Thanks to a podcast (Digestcast on Fire and Water), I discovered this wonderful series of books. I’d never heard of them before, but when I was trolling eBay recently, I saw them at a good price. I snagged this super cool edition of The Brave and the Bold! Other than a slight tear of the cover, the book is on fantastic shape, too! This series was an anthology reprint (most of the time) book that brings some of the best DC had to offer from the Silver Age! Six big stories (part six having three chapters) are encased in this powerful, pint-sized book, and it’s all led off with a great cover by Jim Aparo (framing sequences as well)!

After some framing material, the first tale is from issue 86, 1969. “You can’t Hide from a Deadman!”, brings some incredible action from the Dynamic Duo, as they’re busting up an extortion racket and run into Deadman! Written by Bob “Zany” Haney, and art by Neal Adams!

Next, is “Three Arrows Against Doom!” This fantastic Robin Hood story is from issue 9, 1956/57. In this story, we see how Robin escapes from the sheriff’s men yet again, but this time with only three arrows at his disposal! Written by Bob Haney, with art by Russ Heath!

The third tale is called “Menace of the Mirage People!” It’s from issue number 38 (1961), and involves the Suicide Squad (no, not the lame movie characters from 2016)! Colonel Rick Flag, Jess Bright, Dr. Hugh Evans, and Karin Grace must fight against illusions that seem like reality! Written by Robert Kanigher, and art by Ross Andru and Mike Esposito. For further reading on this team, click here and here!

The following story, “Threat of the Ice King (issue 18, 1958)” is a tale of the Viking Prince! These ongoing stories were great and not only because they gave you epic fantasy tales, but because they had names like Bob Kanigher (writer) and Joe Kubert (art) behind them!

In the days of Camelot, knights and warriors ruled the day (story from issue 21, 1958/59)! And in “The Sword in the Lake,” we get to see some great action involving the Silent Knight! He’s tricked into the service of Morgan Le Fey, and must retrieve some incredible artifacts for her! Written by Robert Kanigher, with art by Irv Novick!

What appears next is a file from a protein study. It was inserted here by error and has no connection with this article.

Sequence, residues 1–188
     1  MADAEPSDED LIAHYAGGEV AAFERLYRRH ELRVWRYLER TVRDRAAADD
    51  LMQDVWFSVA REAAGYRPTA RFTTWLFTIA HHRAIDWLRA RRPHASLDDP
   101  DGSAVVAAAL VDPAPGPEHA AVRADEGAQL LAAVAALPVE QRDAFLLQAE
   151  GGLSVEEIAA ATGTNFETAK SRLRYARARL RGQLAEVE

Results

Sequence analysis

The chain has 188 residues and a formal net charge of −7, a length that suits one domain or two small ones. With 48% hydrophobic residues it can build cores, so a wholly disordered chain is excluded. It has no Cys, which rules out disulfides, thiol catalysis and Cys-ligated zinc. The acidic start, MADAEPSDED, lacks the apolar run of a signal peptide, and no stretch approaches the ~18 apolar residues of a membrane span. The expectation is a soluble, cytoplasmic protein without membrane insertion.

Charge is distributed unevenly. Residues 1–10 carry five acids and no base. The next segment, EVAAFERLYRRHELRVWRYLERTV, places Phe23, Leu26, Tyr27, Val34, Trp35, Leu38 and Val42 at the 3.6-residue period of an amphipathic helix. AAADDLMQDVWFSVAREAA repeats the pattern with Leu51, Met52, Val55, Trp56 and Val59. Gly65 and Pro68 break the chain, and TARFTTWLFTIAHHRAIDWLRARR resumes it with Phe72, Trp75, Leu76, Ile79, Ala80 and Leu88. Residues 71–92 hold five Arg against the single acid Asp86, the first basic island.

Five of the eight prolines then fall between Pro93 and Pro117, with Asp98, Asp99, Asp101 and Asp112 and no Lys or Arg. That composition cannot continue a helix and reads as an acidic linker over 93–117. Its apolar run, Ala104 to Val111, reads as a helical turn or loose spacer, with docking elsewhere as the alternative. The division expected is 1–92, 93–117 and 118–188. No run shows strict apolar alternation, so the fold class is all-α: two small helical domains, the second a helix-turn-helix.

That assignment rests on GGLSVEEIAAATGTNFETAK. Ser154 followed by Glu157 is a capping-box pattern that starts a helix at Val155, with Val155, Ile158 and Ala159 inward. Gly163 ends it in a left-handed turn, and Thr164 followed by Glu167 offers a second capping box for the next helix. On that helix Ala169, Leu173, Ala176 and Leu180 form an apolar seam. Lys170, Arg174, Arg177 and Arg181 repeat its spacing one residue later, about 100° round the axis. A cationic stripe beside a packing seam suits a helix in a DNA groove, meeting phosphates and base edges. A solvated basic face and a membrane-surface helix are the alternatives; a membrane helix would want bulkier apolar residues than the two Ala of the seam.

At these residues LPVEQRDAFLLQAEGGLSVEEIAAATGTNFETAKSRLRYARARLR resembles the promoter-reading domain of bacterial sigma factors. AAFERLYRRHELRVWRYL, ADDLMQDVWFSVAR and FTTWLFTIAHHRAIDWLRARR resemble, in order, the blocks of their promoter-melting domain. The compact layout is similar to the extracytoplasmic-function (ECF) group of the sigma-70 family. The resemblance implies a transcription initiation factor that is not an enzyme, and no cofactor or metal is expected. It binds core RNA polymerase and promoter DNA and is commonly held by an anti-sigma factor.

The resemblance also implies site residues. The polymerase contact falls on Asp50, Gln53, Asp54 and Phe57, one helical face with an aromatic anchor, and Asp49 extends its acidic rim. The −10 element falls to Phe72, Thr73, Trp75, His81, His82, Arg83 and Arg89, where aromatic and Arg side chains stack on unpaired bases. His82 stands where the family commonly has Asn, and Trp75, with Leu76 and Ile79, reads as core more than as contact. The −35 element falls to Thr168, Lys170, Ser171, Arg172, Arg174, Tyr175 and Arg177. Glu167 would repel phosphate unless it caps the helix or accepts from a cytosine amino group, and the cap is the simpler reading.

Lastly, we have some wild adventures of Cave Carson! In three separate chapters, we learn “The Secret Beneath the Earth!” These chapters from issue 31 (1960), show us some crazy adventures involving dinosaurs, lava men, and other shenanigans. Written by Ed Herron, art by Bruno Premiani. For more on Cave Carson, click those links above in the Suicide Squad section!

Do yourself a favor and grab some of these as they are a great way to get some fantastic material from the Silver Age at an affordable price!

 

 

 

 

 

 

 

 

 

 

 

 

The Brave and the Bold 119, 1975 “Bring Back Killer Krag”

After sitting down and thinking about what book to cover next on my blog, it seemed like quite a while since I covered a DC book. Looking back, it has been, and to be specific, it was all the way back on November 11th! Since then, I’ve acquired a few more DC books, this awesome issue of The Brave and the Bold being one of them!

The creative team on this one (and many awesome DC books from the Bronze Age) is fantastic, but we’ll get to them later. For now, I’ll just say that this crazy (or zany) story has Batman investigating a murder at an equestrian event. The murder makes the newspaper, and Dr. Kirk Langstrom sees it. He realizes a reward of one-hundred thousand dollars could benefit him quite a bit, so he ingests his formula, and the Man-Bat is back! This one has it all, a Great White Shark (remember, it’s 1975) restless natives, real bats, and a second Man-Bat…?

As usual, this book is super entertaining for me. Mostly because I enjoy Bob “Zany” Haney (writer) and Jim Aparo (interior and cover art, Tatjana Wood colors). These two creators are probably my favorite team from DC comics. The stories are always solid and borderline on the bizarre, which suits my tastes perfectly. From an artistic standpoint, I can’t get over how much Aparo reminds me of my favorite artist, Gene Colan. He’s the perfect artist for Batman, Phantom Stranger, The Spectre, etc. His moody pencils create an atmosphere I don’t see consistently from any other artist from this era in DC books (not even Neal Adams).

 

 

 

 

 

 

 

 

 

The Brave and the Bold 115, 1974 “Batman and The Atom!”